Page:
Playing Outdoors Helps Children Grow Healthy and Strong
Playing outdoors is important to the healthy growth and development of children. Research shows that children who play outside regularly are healthier and stronger.
Taking play outside helps children connect with the natural world. It also improves coordination, encourages active imaginations and can help reverse childhood obesity rates.
Starting a child’s appreciation of nature can begin early, with walks in a stroller. As the child grows, visit playgrounds and parks, or spend time exploring the backyard.
Unstructured outdoor play can be especially beneficial because it encourages social skills, too. Children create games, take turns, make decisions together and learn about sharing as part of unstructured play.
Here are just a few ideas to help boost your child’s interest in nature and playing outdoors:
- Set up an outdoor play station: Use buckets, shovels, spoons and plastic containers while playing in sandboxes, water tables and wading pools. As children pour water or sand from one container to another they begin to learn about cause and effect. They also enjoy sensory play, as they recognize different textures, such as rough sand or wet water. These play areas can provide hours of unstructured fun.
- Create a water wall: This is a perfect activity for a fenced play area or backyard. Gather plastic bottles, food containers and twist ties. Cut off the container bottoms to form tubes. Poke holes through the plastic for the twist ties. Tie the first container near the top of a chain link fence. Attach other containers to the fence so water will trickle through the water wall as children pour water into the containers. Place tubs at the bottom of the wall to recycle water.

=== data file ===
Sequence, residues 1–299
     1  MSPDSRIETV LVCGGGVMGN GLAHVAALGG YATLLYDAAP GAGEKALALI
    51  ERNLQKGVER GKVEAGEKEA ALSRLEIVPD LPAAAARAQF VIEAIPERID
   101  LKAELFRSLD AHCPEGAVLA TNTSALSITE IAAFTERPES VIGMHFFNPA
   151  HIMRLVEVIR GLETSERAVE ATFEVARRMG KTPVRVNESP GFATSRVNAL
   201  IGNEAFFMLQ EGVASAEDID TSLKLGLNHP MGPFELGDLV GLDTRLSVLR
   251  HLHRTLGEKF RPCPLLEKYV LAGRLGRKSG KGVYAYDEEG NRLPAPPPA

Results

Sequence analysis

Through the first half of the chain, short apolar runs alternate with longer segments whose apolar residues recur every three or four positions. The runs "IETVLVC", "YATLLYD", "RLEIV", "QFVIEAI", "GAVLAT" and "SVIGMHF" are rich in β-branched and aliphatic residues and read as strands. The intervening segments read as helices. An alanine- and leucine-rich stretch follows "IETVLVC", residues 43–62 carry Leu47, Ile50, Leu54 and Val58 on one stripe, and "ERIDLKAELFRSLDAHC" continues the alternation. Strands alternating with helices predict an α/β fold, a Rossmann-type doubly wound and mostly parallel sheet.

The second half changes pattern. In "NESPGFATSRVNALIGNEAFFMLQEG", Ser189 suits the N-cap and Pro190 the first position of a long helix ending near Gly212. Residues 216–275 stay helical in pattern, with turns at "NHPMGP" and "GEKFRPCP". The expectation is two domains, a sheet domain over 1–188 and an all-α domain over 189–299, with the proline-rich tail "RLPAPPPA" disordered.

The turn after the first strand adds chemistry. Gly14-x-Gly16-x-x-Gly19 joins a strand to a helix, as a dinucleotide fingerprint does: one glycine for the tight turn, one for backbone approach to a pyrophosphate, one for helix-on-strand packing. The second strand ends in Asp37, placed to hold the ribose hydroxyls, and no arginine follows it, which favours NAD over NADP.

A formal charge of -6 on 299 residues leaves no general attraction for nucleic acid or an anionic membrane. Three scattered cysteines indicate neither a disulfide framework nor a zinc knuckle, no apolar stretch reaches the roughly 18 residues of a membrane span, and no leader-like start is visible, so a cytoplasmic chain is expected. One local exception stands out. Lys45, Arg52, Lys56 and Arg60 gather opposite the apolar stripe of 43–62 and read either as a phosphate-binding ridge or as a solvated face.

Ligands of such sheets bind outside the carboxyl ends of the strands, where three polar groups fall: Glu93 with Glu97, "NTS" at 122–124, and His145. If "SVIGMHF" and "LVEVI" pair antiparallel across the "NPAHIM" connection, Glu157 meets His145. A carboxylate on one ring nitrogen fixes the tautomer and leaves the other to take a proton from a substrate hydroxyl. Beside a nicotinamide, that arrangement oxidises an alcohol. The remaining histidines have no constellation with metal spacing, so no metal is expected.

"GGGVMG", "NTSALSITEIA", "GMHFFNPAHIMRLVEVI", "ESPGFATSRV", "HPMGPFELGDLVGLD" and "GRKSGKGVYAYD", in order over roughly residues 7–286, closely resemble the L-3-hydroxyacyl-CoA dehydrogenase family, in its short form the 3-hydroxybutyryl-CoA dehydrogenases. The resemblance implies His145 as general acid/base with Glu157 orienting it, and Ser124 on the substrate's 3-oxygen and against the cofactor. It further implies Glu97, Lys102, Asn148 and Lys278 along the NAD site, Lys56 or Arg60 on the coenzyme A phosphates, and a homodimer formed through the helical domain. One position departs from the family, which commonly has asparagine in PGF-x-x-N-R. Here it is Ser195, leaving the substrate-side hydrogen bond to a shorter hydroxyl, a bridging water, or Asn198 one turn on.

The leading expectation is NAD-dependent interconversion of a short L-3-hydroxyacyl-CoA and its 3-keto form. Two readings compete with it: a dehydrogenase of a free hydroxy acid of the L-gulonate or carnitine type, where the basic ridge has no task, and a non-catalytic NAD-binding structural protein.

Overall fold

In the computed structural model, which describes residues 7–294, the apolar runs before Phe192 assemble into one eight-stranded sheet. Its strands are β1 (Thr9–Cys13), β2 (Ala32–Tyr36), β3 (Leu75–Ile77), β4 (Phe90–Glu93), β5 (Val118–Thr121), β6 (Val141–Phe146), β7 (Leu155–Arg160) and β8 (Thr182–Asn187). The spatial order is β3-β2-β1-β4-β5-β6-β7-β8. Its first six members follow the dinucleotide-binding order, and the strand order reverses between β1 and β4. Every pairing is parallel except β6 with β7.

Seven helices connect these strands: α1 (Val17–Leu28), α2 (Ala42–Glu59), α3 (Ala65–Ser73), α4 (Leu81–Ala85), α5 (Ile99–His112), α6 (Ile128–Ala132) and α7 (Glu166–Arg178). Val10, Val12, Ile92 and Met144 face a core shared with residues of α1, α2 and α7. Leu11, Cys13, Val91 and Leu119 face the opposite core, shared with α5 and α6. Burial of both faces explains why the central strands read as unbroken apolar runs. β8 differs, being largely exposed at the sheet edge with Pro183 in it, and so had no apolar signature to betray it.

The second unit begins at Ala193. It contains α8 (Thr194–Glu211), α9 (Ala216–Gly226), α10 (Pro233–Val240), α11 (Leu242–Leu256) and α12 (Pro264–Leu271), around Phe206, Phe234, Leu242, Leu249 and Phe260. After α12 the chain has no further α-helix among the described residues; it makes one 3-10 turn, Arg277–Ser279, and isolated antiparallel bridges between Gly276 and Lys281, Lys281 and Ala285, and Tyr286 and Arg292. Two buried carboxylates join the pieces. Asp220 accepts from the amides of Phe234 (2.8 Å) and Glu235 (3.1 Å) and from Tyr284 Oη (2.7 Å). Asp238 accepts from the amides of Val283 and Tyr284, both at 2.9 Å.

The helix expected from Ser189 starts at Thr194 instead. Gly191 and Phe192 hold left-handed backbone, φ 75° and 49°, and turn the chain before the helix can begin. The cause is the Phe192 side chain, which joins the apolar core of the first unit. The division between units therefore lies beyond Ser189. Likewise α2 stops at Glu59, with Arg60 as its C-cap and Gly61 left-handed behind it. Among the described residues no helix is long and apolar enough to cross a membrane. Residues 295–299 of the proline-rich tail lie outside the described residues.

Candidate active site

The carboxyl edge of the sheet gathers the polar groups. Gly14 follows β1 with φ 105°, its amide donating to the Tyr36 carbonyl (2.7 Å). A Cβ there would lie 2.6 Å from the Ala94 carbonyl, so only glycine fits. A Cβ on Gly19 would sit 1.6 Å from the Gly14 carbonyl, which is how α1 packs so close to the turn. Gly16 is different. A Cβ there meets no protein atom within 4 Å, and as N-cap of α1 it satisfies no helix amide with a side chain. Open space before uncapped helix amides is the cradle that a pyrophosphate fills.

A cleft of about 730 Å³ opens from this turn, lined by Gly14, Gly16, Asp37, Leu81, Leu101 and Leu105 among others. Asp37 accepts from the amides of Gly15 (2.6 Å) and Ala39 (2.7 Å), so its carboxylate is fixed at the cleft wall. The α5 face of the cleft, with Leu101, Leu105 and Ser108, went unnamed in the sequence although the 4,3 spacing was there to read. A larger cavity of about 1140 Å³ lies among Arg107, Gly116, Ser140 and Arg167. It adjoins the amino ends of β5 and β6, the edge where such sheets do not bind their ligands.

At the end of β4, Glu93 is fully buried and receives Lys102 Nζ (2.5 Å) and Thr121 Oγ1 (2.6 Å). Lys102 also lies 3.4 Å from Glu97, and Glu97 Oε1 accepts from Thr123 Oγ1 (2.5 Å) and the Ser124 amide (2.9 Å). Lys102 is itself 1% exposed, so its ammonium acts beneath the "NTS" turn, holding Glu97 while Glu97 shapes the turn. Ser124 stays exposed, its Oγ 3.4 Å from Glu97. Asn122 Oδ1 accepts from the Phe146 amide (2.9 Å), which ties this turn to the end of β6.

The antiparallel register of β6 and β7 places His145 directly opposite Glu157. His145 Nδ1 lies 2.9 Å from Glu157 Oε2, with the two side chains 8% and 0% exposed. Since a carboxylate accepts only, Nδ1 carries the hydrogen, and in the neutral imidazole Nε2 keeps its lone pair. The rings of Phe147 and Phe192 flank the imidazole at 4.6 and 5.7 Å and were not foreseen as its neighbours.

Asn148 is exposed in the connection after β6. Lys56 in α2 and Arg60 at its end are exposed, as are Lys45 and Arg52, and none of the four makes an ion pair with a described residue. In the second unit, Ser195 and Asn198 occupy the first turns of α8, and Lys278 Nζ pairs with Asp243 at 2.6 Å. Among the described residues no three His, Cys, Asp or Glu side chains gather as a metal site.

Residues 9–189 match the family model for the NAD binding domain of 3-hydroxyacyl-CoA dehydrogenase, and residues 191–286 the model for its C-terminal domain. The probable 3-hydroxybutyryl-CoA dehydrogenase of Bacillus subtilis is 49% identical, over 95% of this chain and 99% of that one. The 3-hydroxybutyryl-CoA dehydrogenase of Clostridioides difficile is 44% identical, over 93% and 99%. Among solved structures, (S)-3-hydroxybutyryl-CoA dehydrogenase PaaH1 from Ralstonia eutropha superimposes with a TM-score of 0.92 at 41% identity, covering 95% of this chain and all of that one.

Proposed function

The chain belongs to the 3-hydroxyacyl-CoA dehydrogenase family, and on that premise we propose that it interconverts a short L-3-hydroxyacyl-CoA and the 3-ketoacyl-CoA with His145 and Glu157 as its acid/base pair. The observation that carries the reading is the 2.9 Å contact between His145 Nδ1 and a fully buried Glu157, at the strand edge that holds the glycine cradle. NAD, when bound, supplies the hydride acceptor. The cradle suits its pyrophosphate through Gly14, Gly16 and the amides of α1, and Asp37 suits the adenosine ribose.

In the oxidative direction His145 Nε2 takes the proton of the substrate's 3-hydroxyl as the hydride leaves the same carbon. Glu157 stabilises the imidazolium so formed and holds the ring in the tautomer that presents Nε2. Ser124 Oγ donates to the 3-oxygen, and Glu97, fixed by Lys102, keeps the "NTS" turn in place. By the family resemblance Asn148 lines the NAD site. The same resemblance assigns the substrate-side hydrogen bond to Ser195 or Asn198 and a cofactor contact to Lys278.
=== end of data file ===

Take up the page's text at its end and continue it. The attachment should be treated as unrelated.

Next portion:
- Enjoy classic outdoor activities: Sidewalk chalk, bubbles, rubber balls and hoops encourage imagination and movement. Children can use a block of sidewalk as a canvas for chalk art, or create a hopscotch board to jump across. Chasing bubbles and rubber balls or twirling hoops builds motor development and coordination skills while releasing energy.
- Talk about what you see: Talking about what you see when outside encourages children to interact with their world. Ask them what they see, like a bird flying or a squirrel in a tree, or plants growing. Include all the senses, too. Talk about feeling the wind or the hot sun, smelling flowers or hearing birds.
For more information about how to encourage and support a child’s development, or refer a child, visit helpmegrowmn.org.